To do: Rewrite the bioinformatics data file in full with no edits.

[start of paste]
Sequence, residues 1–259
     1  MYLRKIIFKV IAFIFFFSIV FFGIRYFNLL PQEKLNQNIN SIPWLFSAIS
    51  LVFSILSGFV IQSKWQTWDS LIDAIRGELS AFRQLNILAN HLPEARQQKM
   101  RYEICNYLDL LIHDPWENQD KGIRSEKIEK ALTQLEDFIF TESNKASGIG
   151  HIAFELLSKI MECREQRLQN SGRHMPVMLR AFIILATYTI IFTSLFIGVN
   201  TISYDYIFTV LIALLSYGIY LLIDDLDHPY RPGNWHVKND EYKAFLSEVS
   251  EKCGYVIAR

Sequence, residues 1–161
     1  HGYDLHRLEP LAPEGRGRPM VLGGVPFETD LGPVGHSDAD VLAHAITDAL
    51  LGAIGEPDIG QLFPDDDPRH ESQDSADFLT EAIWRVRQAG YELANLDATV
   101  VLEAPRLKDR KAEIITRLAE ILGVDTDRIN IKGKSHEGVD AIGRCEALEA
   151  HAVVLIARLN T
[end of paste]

Sequence, residues 1–259
     1  MYLRKIIFKV IAFIFFFSIV FFGIRYFNLL PQEKLNQNIN SIPWLFSAIS
    51  LVFSILSGFV IQSKWQTWDS LIDAIRGELS AFRQLNILAN HLPEARQQKM
   101  RYEICNYLDL LIHDPWENQD KGIRSEKIEK ALTQLEDFIF TESNKASGIG
   151  HIAFELLSKI MECREQRLQN SGRHMPVMLR AFIILATYTI IFTSLFIGVN
   201  TISYDYIFTV LIALLSYGIY LLIDDLDHPY RPGNWHVKND EYKAFLSEVS
   251  EKCGYVIAR

Sequence, residues 1–161
     1  HGYDLHRLEP LAPEGRGRPM VLGGVPFETD LGPVGHSDAD VLAHAITDAL
    51  LGAIGEPDIG QLFPDDDPRH ESQDSADFLT EAIWRVRQAG YELANLDATV
   101  VLEAPRLKDR KAEIITRLAE ILGVDTDRIN IKGKSHEGVD AIGRCEALEA
   151  HAVVLIARLN T